Ayutthaya is located just 80 kilometres (50 miles) north of Bangkok and was the capital of Siam from 1350 to 1767. To this day it remains one of Thailand's best known ancient historical sites. By the fifteenth century, the city grew to over a million inhabitants and became the richest in all of Asia, exporting goods such as ivory, animal skins and rice. Not only did merchants arrive from right across Asia but they also came from as far as Europe and the Middle East.
Unfortunately neighbouring Burmese armies invaded and began battering the city gates before occupying it during the sixteenth century. After a brief period, the then Siamese took control again, only to lose control once more to the Burmese until finally the Siamese was forced to surrender in 1767.
The city was looted and then burned to the ground with much of the population either killed or enslaved. However, most of the monuments were also destroyed and the city lay in ruins and was never re-built. Within a year, the city had become a ghost town and the population was reduced to a mere few thousand.
Did you know that this great city was technically built on an island surrounded by three rivers, Lop Buri, Pa Sak and the Chao Phraya? Today these ruins still stand alone on the western side of the island, while a new modern commercial town has emerged on the eastern side. This special place is steeped in history and is well worth visiting.
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Wat Phra Sri Sanphet is not only one of the largest ancient architectural sites here in this central Thailand city but it also has some of the finest temples ruins. It was originally built in 1491 in honour of three fifteenth-century kings. The three restored chedi now house their ashes. Open daily from 8:00 am until 5:00 pm.
Wat Phra Ram was built in 1369 but later restored during the 15th century and then again in 1941. It is situated across the way from Wat Phra Sri Sanphet in the middle of an island within the Historical Park. The complex consists of a huge towering Prang, some smaller classic style Chedis as well as a few outbuildings.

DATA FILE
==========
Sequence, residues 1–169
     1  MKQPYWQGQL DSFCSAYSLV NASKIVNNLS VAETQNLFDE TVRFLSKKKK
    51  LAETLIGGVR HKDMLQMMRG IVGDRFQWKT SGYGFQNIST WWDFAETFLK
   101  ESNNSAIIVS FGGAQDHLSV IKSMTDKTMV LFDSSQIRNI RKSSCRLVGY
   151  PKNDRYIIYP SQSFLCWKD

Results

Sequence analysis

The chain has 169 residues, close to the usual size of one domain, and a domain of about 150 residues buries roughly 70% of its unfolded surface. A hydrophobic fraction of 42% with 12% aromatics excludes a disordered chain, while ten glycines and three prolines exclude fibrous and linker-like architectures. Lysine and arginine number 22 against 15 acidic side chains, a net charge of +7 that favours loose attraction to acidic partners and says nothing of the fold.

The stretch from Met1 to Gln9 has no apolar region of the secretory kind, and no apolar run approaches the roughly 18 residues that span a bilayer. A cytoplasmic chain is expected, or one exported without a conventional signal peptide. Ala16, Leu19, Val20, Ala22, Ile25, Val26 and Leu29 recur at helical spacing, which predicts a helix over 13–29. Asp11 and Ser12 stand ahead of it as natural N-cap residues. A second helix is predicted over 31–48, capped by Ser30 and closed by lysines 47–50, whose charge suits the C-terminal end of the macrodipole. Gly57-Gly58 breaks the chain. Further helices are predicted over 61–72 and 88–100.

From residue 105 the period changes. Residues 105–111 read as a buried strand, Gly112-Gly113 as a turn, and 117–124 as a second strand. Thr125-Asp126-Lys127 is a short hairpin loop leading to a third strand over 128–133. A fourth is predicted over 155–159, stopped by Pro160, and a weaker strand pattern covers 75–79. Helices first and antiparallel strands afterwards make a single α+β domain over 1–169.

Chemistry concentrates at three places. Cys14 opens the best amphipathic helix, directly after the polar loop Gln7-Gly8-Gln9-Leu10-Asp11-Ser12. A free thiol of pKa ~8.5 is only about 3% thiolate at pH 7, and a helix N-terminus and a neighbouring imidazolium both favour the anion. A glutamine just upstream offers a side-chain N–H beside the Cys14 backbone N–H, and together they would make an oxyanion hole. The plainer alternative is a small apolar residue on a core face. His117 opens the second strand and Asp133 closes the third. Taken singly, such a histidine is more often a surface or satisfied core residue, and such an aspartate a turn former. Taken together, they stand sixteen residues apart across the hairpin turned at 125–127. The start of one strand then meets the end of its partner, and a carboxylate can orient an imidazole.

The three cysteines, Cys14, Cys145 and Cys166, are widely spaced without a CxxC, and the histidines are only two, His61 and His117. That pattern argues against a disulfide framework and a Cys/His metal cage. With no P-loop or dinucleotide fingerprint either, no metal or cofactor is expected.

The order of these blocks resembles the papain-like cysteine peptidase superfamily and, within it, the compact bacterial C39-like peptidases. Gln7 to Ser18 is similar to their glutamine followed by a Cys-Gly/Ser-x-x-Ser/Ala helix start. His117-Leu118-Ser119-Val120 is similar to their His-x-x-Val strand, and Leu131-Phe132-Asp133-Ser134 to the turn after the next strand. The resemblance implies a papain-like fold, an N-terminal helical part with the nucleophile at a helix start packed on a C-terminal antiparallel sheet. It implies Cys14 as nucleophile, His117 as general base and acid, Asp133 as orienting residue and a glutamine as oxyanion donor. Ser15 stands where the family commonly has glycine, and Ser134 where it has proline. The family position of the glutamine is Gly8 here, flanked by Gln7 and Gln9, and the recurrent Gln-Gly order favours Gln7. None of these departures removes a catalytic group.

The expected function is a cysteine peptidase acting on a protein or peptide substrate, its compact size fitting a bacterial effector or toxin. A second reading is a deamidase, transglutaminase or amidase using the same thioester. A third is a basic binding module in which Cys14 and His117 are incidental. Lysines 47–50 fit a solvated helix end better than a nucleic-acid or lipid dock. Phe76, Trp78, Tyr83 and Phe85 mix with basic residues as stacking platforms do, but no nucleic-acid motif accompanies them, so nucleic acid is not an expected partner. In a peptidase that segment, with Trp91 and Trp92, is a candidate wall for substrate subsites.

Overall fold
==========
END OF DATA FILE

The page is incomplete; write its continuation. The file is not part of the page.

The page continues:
Wat Yai Chai Mongkhon has the largest Chedi located outside of the city and was built between 1590 and 1605. If you climb the stairs of the Chedi, you'll be able to see the beautiful gardens as well as a great view of the city. Lots of Buddha statues to see in the temple grounds including a reclining statue.
Wat Phra Mahathat is one of the oldest temple complexes in
Ayutthaya dating back to around 1380. It is also one of the most
beautiful and is spread over a large area. It's hard to imagine what it
must have been like during the prosperous years when first built. The
huge Stupa that you see in the complex originally stood 46 metres (150
feet) tall. However, it did collapse later on.
Wat Chai Watthanaram is a fascinating sight to behold. It was built in 1630 and is located on the west bank of the Chao Phraya River. From here you can get a great view of this remarkable temple complex. This site originally followed the plans of the Hindu Temple at Angkor Wat in Cambodia. It has a huge central Stupa which sits on a raised platform surrounded by smaller ones.
Bang Pa-In Royal Summer Place is located on the banks of the Chao Phraya River about 20 kilometres (13 miles) downstream from Ayutthaya. The present buildings seen today were built in the late 19th and early 20th-century, though the original site dates back much further.
The complex is beautifully laid out and the charming collection of palaces and pavilions are displayed in a variety of architectural styles including Chinese, Italian and Victorian. The Royal Summer Palace grounds are open daily between 8:00 am and 4:30 pm.
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